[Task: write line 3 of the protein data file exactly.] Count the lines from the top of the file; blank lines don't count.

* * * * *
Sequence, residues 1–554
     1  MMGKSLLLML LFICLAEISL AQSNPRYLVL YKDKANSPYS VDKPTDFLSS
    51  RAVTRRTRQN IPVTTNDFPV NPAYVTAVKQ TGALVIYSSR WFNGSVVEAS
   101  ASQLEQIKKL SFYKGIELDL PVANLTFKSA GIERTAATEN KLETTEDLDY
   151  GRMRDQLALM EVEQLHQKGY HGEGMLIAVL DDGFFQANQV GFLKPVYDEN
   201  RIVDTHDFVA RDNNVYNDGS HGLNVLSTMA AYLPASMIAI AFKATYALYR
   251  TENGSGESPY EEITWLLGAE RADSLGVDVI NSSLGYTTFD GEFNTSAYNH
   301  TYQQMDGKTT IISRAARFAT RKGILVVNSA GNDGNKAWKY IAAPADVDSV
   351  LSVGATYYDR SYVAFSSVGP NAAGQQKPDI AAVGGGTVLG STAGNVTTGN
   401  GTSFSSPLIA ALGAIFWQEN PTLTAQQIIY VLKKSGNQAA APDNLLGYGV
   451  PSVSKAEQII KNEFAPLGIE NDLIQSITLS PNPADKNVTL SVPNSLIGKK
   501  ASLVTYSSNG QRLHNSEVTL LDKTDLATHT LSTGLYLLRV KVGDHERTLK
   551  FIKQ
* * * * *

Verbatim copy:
    51  RAVTRRTRQN IPVTTNDFPV NPAYVTAVKQ TGALVIYSSR WFNGSVVEAS